Loose tube, ribbon, and micro loose tube cables are all options for outside-plant fiber cabling
by Derek Whitehurst
Since the development of fiber optic cable in the mid-1970s, there has been a steady stream of innovations in manufacturing, materials, and network systems which have advanced the design and capabilities of outside cables including loose tube, ribbon, and micro loose tube cables.
The cable that started the fiber optic revolution in the 1970s was the loose tube configuration, which isolated the optical fiber from the strains of installation by enclosing everything within fairly rigid protective sleeves or tubes. This design is still widely used today in harsh outdoor environments around the globe.
The 1990s saw the emergence of ribbon cable designs. This cable allowed for higher fiber counts and offered a time and cost savings realized from using mass fusion splicing to speed up network restoration and increase project turnover.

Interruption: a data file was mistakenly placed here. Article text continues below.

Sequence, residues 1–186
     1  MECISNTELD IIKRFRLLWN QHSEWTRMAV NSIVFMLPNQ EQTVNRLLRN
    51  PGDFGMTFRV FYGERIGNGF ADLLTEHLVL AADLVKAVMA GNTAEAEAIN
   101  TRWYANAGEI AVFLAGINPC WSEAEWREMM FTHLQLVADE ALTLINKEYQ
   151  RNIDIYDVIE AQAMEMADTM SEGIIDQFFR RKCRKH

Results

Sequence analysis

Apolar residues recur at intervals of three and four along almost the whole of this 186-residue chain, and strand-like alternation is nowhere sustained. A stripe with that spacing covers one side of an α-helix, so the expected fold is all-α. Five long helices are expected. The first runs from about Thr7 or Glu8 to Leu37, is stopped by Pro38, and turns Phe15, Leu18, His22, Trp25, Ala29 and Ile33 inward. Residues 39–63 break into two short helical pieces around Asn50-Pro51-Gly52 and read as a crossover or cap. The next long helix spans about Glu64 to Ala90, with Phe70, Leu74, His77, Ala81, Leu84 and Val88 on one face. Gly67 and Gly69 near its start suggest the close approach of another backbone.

In the early 2000s, micro loose tube cables were first developed in Europe as an innovative approach to installing an optical network in a congested duct environment. These miniaturized stranded loose tube cables, with increased fiber counts per cross-sectional areas, could be installed with less cost and disruption than a rip-and-replace solution.
Typically, customer segments have standardized on one major cable type for their network or environment. However, as networks grow more complex and bandwidth demands increase, it’s becoming more common for multiple cable families to be used in the same network. In this article, we will look at loose tube, ribbon, and micro loose tube cables and how the properties of low attenuation, scalability, and deployment velocity help define where each cable family fits within different segments of the network.
To being with, you should first understand your specific application and the desired capabilities in order to make smart choices concerning fiber optic cabling combinations. And depending on your specific role, certain cable performance attributes will be more attractive than others. For example, a network owner may be focused on deployment velocity or restoration speed, whereas a network designer may focus on system performance. An installer, on the other hand, may be concerned with safety and cable, and hardware ease-of-use.